RMS Samaria meanwhile was built by Cammell Laird for Cunard and was launched from Birkenhead in November 1920. However, due to the post First World War demands on the shipbuilding industry, fitting out was delayed and the single funnel liner only entered service in 1922. With a top speed of only 16 knots, RMS Samaria was designed for fuel economy and reasonable ticket prices rather than winning Blue Ribands and plied between Liverpool, Boston and New York with occasional calls at Cobh in Ireland. However, with an end to unrestricted immigration the the USA in the mid 1920s, the 19 848 GRT liner was reconfigured for cruising before being taken on Royal Navy charge as a troopship from 1941 to 1948. Once returned to Cunard ownership, RMS Samaria and her sister ship Scythia were used almost exclusively on voyages from Liverpool to Montreal, Quebec and Halifax Nova Scotia up to 1955 when she was withdrawn and scrapped the next year at Inverkeithing, Scotland.
Thanks go to John Mayer for operating his slide projector in synch with the spoken commentary coming from his laptop and also to Roy Cressey of the WSS Film Library for his help.
On Monday 9 February the Gloucester Branch enjoyed the World Ship Society Film Library Powerpoint presentation “Ships of the 1970s and 80s” based on the work for the late Bedford Branch chairman Sid Belham. Opening with a shot of London’s Regent’s Canal, this presentation had something for everyone and the audience enjoyed trying to identify a number of port locations – including Dover, which hosted a range of hovercraft, cross Channel ferries as well as other vessels.
Probably the oldest ship featured was the Chatham built wooden frigate HMS Unicorn of 1824 – now preserved in Dundee and pictured above – and our lady committee member was interested to see her namesake HMS Penelope. A very different frigate and the ninth Royal Navy ship to bear the name, F127 was launched in 1962 by Vickers Armstrong on the Tyne and sold to Ecuador in 1991 which operated her as Presidente Eloy Alfaro
Also featured was the helicopter carrier USS Guadalcanal (LPH-7) which recovered the Gemini X and Apollo 9 astronauts after splashdown, 1939 vintage submarine depot ship HMS Forth (A187) and the Bristol registered tug Sea Alarm, as preserved at the then Welsh Industrial and Maritime Museum, Cardiff, before scrapping.
Thanks go to Roland Whaite for reading the commentary, to Ted Tedaldi for letting us use his projector and to Roy Cressey of the WSS Film Library.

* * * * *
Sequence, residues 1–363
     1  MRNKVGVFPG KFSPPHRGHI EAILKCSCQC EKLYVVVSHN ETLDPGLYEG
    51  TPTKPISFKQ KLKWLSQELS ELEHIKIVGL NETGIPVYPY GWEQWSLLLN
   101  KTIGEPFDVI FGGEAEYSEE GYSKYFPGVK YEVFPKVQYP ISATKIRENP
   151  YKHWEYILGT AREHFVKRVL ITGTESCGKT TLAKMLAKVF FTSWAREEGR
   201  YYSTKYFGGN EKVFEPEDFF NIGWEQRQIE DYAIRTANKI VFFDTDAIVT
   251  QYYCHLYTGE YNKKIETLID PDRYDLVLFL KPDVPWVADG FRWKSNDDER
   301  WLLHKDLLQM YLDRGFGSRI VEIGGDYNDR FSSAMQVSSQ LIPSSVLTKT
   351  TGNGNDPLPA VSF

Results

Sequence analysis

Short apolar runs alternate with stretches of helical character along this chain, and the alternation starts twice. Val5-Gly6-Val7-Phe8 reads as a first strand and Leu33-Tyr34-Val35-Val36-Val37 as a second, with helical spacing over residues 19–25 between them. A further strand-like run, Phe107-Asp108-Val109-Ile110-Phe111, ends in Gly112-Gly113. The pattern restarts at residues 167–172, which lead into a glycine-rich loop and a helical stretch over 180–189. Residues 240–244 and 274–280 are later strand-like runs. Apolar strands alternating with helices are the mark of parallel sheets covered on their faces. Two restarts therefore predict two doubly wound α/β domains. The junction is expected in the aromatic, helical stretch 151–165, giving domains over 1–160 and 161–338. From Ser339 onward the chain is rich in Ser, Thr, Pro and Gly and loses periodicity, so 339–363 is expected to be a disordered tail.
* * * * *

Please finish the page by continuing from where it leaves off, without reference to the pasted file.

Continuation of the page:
For our meeting on Monday 9 March 2015 Committee Member Ted Tedaldi entertained us with his Power Point presentation entitled “Tall Ships” which was mainly photographed at Falmouth. Ted also covered other shipping subjects in the Falmouth area – including the shipyard – and Roland Whaite helpfully gave some additional information, prompting a number of those present to consider a future visit to Cornwall.
The second half of Ted’s presentation was a trip around Southampton Docks with the Thames Ship Society with many varied and interesting vessels being recorded. Thanks Ted for a splendid evening with something for everyone’s special shipping interest.
Looping back to Private Eye of 25 November 2011, this article headlined “Booty Trawl” might be of interest to World Ship Society members:
Dutch salvage contractors are cutting up the wrecks of three British warships in the North Sea which mark the graves of 1 459 Royal Navy sailors. The cruisers HMS Aboukir, HMS Hogue and HMS Cressy were torpedoed one after another by the German submarine U-9, 22 nautical miles off the Dutch coast on 22 September 1914.
The Royal Naval Association, archaeologists and diving organisations have protested about the looting and desecration of the wrecks, but neither the British nor Dutch government has taken any action to halt the salvage teams, who are believed to be trying to retrieve copper, bronze and other valuable metals.
Earlier this year the Ministry of Defence stonewalled a freedon of information request from Andy Brockman of the archaeological campaign group “Mortimer”, which want to know how many Royal Navy ships that might be considered war graves under international law had had salvage contracts granted or sold. The MoD said it would cost more than the upper limit of £600 to research his request.
Brockman had more luck after contacting his MP, Clive Efford, Labour member for Eltham. Efford wrote to junior defence minister Gerald Howarth, who revealed that, astonishingly, the Aboukir, Hogue and Cressy had been sold to a German salvage company in 1954 – during Winston Churchill’s last year as Prime Minister.
Howarth’s letter said “We can hardly object to the salvage as such, as it appears we knowingly sold them for the purpose back in 1954: we must assume the decision to dispose of the wrecks was taken by our predecessors in full knowledge of the facts and that they acted in the public interest as perceived at the time… Notwithstanding the unfortunate circumstances… we will request the Dutch authorities do whatever they can to ensure the salvors treat the wrecks with appropriate respect and sensitivity.”
The minister must be aware, however, that the bit of the MoD that brings fallen soldiers home from Afghanistan, the Joint Compassionate Casuality Centre, is responsible not only for current casualties but also historic ones. For instance, it oversaw archaeological work on HMS London [pictured below] sunk in the Thames Estuary in 1665, to make sure any human remains encountered were treated with respect. With the Commonwealth War Graves Commission, it would be responsible for proper treatment and burial of remains of a British serviceman found abroad whether or not it was on someone else’s commercial “property”. Under the 1949 Geneva Convention it would also be the responsibility of the Dutch government “to protect and maintain such gravesites permanently.”
When there is a whiff of treasure aboard, the government is less insouciant about its rights. In recent years it has negotiated with Florida based salvage operator Odyssey Marine Exploration for a share of any loot from HMS Sussex (lost off Gibraltar in 1694) and HMS Victory (not Nelson’s, but another Victory, lost off the Channel Islands in 1744)